Mesclun is a mixture of lettuce, arugula, spinach, radicchio and other salad greens that are very easy to grow and will provide you with some of the tastiest salads ever over the entire course of the spring, summer and fall. Buying mesclun greens at the farmer’s market or supermarket is a good bet, but growing them at home is just that much more satisfying and economical. Not to mention even the least experienced gardener can grow them.
Renee’s (www.reneesgarden.com) and The Cook’s Garden (www.cooksgarden.com) are two of my favorite seed companies that carry mesclun greens. Wine Country, Monet’s Garden, Paris Market and Misticanza are a few mesclun mixes made up of seeds to grow arugula, endive, radicchio, chervil, red and green lettuce, Japanese mustard, broad leaf cress and others.
Find a well-drained spot in your garden, dig the soil to a depth of two-to-four inches and smooth it out carefully. The one thing mesclun greens need, as with any lettuce planting, is fine spoil. No lumps or clumps, please!
Prepare a bed two-feet by four-feet. Dig out a gallon of soil. Rake the rest smooth and flat. Sprinkle the mesclun seed on top, cover with ¼ inch of the soil you reserved. Tamp it down with a steel rake and water gently. Keep this area watered lightly until the seeds germinate in one to two weeks. Harvest the greens by cutting off what you need with a knife or scissors. Mesclun is a “cut and come again” salad, so keep harvesting. Plant mesclun in April/May, June/July and September for a continuous supply of fresh greens.
Deer-proof shrubs for shady spots
Pieris japonica, better known as Andromeda, and Buxus, better known as Boxwood should get more respect. Why? Well, they are both deer-resistant shrubs that have evergreen leaves and will thrive in shady to partly shady spots. The Andromeda has the bonus of offering white pendulous flowers in the spring. If you have a deer-infested landscape and are tired of watching in horror as your rhododendrons and azaleas are eaten to death by them, you should take a second look at Andromeda and boxwood.
Some of the available cultivars are:
Pieris japonica ‘Dorothy Wycoff’ – dark red floral buds emerge as light pink flowers.
Pieris japonica ‘Mountain Fire’ – fiery new foliage is a brilliant red instead of bronzed and is perhaps the most common cultivar.
Pieris japonica ‘Purity’ – larger, pure-white flowers on compact plants that bloom at an early age.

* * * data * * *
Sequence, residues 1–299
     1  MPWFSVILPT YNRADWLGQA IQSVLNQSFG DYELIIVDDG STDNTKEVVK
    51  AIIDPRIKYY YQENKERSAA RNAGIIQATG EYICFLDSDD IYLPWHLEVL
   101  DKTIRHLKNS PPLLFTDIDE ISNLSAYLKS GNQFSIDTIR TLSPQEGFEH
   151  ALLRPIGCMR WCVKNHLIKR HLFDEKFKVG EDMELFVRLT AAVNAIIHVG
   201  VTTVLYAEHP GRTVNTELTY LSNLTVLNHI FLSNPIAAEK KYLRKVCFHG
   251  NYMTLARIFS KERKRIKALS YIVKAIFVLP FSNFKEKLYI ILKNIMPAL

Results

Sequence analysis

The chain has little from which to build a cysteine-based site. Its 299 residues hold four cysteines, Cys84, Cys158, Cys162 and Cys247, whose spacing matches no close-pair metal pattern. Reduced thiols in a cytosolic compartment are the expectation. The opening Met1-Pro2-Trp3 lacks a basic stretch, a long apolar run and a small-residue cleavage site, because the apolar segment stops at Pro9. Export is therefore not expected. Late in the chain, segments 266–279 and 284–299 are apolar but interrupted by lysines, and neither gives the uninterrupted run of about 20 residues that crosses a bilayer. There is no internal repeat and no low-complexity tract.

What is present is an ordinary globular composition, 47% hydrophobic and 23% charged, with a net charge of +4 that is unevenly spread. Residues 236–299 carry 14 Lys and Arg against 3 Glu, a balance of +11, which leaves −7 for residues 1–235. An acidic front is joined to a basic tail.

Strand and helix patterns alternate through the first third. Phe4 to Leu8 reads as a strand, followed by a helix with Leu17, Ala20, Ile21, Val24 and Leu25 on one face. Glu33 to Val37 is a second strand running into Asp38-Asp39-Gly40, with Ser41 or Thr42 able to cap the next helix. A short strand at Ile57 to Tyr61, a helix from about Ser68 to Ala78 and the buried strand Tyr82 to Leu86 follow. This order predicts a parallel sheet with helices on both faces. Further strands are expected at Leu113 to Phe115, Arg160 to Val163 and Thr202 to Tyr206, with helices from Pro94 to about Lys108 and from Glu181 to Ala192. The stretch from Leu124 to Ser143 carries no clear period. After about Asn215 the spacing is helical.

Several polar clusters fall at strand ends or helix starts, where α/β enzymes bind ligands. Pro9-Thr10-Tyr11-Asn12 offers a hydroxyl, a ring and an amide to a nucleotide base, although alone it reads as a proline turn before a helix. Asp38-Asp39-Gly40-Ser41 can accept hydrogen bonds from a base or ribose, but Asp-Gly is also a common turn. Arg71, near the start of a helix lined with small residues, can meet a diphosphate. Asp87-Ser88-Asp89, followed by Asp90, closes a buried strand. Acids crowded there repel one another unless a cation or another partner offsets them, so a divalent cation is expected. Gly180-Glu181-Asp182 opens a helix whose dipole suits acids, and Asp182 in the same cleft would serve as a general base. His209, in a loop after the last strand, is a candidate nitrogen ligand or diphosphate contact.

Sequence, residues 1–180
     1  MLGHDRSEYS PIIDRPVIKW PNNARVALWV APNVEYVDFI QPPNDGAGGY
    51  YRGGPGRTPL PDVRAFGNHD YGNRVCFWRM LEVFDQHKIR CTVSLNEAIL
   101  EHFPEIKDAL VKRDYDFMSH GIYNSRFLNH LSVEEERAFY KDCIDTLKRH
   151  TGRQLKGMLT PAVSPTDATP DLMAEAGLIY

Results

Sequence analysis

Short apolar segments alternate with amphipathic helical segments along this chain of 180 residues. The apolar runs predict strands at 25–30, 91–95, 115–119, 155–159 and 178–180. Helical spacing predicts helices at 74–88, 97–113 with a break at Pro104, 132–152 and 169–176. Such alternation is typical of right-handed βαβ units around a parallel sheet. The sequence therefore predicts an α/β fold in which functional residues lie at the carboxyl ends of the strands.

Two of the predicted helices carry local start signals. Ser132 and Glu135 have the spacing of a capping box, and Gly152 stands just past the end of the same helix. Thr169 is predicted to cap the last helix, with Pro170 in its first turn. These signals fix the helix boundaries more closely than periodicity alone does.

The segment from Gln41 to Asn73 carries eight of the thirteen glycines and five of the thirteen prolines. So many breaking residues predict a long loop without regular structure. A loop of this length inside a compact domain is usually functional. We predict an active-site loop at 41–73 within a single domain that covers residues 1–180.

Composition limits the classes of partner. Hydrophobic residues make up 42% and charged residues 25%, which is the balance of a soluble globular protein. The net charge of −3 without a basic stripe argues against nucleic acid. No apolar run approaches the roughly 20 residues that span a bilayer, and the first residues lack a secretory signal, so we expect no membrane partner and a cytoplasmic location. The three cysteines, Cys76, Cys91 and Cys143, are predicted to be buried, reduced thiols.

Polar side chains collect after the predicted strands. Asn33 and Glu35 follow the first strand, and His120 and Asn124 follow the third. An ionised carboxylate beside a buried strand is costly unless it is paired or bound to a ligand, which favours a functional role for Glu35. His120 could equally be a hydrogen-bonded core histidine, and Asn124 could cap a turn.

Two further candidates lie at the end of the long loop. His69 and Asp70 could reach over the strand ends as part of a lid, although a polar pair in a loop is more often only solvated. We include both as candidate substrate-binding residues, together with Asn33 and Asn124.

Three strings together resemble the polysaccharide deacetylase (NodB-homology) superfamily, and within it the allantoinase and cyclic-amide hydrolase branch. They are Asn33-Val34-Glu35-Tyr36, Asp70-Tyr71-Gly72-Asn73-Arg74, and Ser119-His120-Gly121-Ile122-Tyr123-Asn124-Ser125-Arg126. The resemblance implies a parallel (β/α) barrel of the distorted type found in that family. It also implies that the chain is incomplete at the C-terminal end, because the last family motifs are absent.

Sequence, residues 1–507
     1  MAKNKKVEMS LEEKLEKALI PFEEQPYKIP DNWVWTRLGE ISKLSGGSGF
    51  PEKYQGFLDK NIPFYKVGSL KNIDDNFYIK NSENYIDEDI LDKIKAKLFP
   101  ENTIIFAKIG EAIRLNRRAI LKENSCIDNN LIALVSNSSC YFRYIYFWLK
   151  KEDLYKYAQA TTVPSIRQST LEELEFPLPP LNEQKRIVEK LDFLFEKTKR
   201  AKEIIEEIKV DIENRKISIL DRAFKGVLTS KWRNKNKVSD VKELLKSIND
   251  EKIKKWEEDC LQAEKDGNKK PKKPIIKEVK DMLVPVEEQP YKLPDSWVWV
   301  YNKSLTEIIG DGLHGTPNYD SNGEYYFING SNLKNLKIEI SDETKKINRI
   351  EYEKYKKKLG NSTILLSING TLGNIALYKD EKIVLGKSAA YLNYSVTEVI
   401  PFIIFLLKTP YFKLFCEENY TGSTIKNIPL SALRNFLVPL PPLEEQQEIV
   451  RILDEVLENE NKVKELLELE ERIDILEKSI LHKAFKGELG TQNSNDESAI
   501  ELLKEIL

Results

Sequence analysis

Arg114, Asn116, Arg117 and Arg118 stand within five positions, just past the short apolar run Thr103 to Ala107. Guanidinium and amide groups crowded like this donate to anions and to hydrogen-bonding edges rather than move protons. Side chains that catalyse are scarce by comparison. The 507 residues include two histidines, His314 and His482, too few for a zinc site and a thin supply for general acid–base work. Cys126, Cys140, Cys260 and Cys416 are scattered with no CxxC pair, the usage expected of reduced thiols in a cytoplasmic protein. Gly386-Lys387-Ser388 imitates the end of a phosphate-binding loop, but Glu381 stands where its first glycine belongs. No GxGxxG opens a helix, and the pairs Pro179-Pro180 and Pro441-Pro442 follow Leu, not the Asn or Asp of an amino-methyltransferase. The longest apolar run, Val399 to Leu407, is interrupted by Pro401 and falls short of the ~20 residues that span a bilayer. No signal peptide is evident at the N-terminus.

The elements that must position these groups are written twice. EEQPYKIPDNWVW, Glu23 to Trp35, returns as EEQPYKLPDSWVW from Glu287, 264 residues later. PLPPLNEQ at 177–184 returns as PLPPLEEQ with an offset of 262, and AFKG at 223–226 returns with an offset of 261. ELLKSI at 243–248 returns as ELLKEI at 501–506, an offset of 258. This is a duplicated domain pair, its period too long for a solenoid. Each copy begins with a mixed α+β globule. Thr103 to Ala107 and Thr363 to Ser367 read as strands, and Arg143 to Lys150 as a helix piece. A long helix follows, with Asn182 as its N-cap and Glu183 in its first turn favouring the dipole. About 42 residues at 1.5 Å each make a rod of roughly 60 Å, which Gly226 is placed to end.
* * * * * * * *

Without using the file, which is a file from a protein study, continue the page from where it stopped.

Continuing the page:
Pieris japonica ‘Red Mill’ – emergent red leaves mature to dark green, but are thick and leathery. White flowers last a week longer than normal, possesses a dense growth habit, and are reportedly disease and pest resistant.
Pieris japonica ‘Scarlet O’Hara’ – white flowers on a narrow upright growth habit.
Pieris japonica ‘Variegata’ – young foliage emerges red, maturing to green with creamy-white leaf margins.
Pieris ‘Brouwer’s Beauty’ – compact spreading hybrid (of Pieris japonica and Pieris floribunda), more resistant to lace bug, more tolerant of alkaline soil pH and has purplish-pink floral buds.
Boxwood is another evergreen shrub that the deer don’t eat, at least not in my deer-infested landscape. They are very cold-hardy and are often relegated to hedges. I have mine planted in a more formal alley setting near an arbor, but they could be used anywhere a good rounded green shrub is needed. Winter Gem, Wintergreen and Green Gem are three of the better known boxwoods. Ask you nursery professional which boxwood is best for you.
I have had it up to here with moles and the damage they are causing my lawn. Last year they moved from my front yard to the back and it is just too much. I have used MoleMax and other organic mole preventers in the past, but the moles have taken over.
I have discovered through online research that the best way to control moles is with mole traps. I have the Victor Out O’ Sight Mole Trap and the Victor Plunger Style Mole Trap (www.victorpest.com). With the plunger, you find a mole tunnel, collapse the tunnel a little bit, set the trap over the depression and wait. Industrious moles will return to re-open the tunnel and WHAMMO.
For the Out O’ Sight trap, you dig a hole in the tunnel, set the trap, place it in the tunnel and cover with soil. The mole comes by and WHAMMO. These two traps do look like medieval torture machines and the box does warn that “misuse could result in injury”. I will let you know how this turns out. Stay tuned!
Larry Sombke is a garden designer and landscape consultant. Contact him at 852.9274 or email him at firstname.lastname@example.org. Each consultation includes a copy of his book Beautiful Easy Flower Gardens.